• The actual registrations – Congress provided a specific form for the registration in the 1790 and 1831 Acts, and the Clerk of the Court would either write it out or have application blanks printed where the applicant would fill in the title and other details (all the lost records were handwritten, as only the jurisdictions with a large volume of copyrights bothered to have blanks printed up).  These were generally kept in a record book, meaning that there’s likely no missing records from the period covered by a record book.
  • Title pages – Part of the procedure for registration was the deposit of a title page with the District Court, on which the Clerk would typically make a notation about the registration.  These mostly go in-hand with the registration record, but in a few cases (like the New Hampshire records for 1821-1842 included in this project) they comprise the only record.
  • Assignment records – As now, the Courts would record assignments of copyright and keep records of those assignments.
  • Indices – As the name implies, these are indexes maintained by Courts to assist in locating the copyright registrations they’d made.
  • Account books – the District of Massachusetts and likely others kept records of the funds paid for copyright registrations, and those records are included in this project.

Finding & Digitizing the Lost Records

        One breakthrough was finding the research G. Thomas Tanselle had done on the copyright records in the 1960s, which led to his study Copyright Records and the Bibliographer.  In that study Tanselle identified many records which had not found their way to the Library of Congress, and listed them in Appendix B to that work.  I was able to find all the records Tanselle listed except for the Ohio records for 1829-1842, which have continued to elude me (see below for more on still-missing records).  The work of other bibliographers, including Joseph J. Felcone and Roger E. Stoddard was also extremely helpful.  In addition, using the online National Archives Catalog, older printed sources, and systematic inquiries to the staff at each regional division of the National Archives, I was able to locate copyright records which had not made it to the Library of Congress from seventeen states as well as the District of Columbia.
       At that point, I began to strategize how to get scans of these records, considering that I had no real budget for this project.  Colleagues at law schools local to various National Archives locations were able to connect me with interested law students (who had a camera), and in particular Valerie Snow, Zachary Swartz, and Preston Morgan, who assisted by digitizing materials in Waltham, Atlanta, and Fort Worth, respectively.  A number of colleagues including Brian Frye also assisted with getting scans of these records.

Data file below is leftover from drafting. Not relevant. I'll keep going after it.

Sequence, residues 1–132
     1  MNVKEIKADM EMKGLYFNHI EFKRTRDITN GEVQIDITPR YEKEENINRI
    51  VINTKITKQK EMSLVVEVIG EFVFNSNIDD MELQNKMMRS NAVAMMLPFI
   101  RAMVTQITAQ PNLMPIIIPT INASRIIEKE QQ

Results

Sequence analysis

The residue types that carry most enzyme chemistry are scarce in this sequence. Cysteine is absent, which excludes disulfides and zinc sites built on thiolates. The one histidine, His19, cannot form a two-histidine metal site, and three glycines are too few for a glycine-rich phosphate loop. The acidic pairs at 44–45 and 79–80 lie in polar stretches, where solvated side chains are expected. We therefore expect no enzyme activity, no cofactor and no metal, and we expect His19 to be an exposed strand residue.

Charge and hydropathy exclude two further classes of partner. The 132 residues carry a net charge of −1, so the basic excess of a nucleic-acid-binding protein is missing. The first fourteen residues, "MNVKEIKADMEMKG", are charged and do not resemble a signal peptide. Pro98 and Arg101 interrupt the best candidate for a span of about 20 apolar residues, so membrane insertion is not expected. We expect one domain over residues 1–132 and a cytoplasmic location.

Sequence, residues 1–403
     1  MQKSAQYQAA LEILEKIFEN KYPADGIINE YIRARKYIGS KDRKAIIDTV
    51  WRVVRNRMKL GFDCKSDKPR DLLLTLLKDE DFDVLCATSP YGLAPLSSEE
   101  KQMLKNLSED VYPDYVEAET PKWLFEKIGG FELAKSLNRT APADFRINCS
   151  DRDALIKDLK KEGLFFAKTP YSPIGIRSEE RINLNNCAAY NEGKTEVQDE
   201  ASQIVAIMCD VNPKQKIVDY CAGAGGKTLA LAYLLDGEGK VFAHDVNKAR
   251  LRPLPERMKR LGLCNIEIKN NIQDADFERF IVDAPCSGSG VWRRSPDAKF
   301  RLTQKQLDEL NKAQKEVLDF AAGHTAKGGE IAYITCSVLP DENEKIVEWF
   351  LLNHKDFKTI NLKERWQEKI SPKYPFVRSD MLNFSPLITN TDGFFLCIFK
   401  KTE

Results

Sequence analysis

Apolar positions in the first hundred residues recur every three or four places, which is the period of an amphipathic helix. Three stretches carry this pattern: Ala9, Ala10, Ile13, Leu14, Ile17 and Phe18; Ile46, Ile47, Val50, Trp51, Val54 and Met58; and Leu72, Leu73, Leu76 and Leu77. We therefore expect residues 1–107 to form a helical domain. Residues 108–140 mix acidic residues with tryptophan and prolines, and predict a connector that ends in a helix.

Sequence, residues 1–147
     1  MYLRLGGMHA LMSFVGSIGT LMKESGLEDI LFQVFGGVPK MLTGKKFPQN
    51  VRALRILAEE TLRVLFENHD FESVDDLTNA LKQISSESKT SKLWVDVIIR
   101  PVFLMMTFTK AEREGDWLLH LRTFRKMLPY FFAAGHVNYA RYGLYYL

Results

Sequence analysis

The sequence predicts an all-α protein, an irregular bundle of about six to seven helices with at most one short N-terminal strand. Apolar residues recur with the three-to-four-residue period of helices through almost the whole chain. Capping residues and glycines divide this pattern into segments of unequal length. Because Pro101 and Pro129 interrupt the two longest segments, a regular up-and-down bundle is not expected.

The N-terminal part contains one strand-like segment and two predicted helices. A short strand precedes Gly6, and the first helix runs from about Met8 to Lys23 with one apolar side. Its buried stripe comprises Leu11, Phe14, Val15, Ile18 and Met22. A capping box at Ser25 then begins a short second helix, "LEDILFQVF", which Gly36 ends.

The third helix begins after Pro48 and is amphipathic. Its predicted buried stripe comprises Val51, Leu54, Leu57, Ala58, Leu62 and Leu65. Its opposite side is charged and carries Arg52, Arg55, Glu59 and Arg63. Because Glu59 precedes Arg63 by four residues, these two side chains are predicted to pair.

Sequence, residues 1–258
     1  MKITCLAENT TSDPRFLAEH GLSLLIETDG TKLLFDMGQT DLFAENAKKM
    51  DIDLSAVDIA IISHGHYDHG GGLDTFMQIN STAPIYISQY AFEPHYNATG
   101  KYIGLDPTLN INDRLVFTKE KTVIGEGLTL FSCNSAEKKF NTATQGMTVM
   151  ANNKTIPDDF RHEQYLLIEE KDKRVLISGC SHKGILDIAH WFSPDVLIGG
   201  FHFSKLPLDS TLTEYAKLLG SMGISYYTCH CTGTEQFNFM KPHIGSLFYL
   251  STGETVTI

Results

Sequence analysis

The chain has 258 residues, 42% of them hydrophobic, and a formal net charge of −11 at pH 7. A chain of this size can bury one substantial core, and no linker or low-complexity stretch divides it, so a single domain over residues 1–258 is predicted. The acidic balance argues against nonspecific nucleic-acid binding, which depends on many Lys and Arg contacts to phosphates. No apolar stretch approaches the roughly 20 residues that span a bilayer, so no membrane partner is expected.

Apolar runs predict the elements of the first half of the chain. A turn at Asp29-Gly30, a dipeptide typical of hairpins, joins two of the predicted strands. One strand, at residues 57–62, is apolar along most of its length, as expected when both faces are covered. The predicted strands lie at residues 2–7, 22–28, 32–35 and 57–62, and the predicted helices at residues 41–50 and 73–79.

I am also indebted to the staffs at various regional locations of the National Archives, including those locations, Philadelphia (especially Gail Farr), Seattle, Kansas City, and more.  Thanks are also due to the members of the faculty and law library staff at the George Washington University Law School.  Finally, this project owes much to my colleagues from my time at the Copyright Office.

Making the Lost Records Available

        The staff at the Burns Law Library at the George Washington university, especially Ken Rodriguez, were instrumental in putting together a guide to these records that will be available to all.  The guide to the lost records is now online here, with links to scanned versions of these records.  Let me know about cool finds, or any other cool uses you find for these records.  My ultimate hope is that the Rare Book Room of the Library of Congress will digitize their holdings of pre-1870 copyright records (which I would guesstimate as being 300,000 pages), and when combined with this project, will represent an essentially complete record of copyright (and thus literary, musical, etc) activity in America in its earliest days.
        Special thanks to the Virginia Historical Society, for giving me permission to share my scans of copyright records they hold from 1864-1865.
        One set of records that is not there yet, but I hope I will be able to link to soon, is the records from South Carolina.  They are held by the South Caroliniana Library at the University of South Carolina, and I’m informed they plan to digitize them in the near future.
        Also of note, the records of the Confederate Secretary of State contain information on copyrights from the states that seceded during the Civil War, and have been put online by the Library of Congress.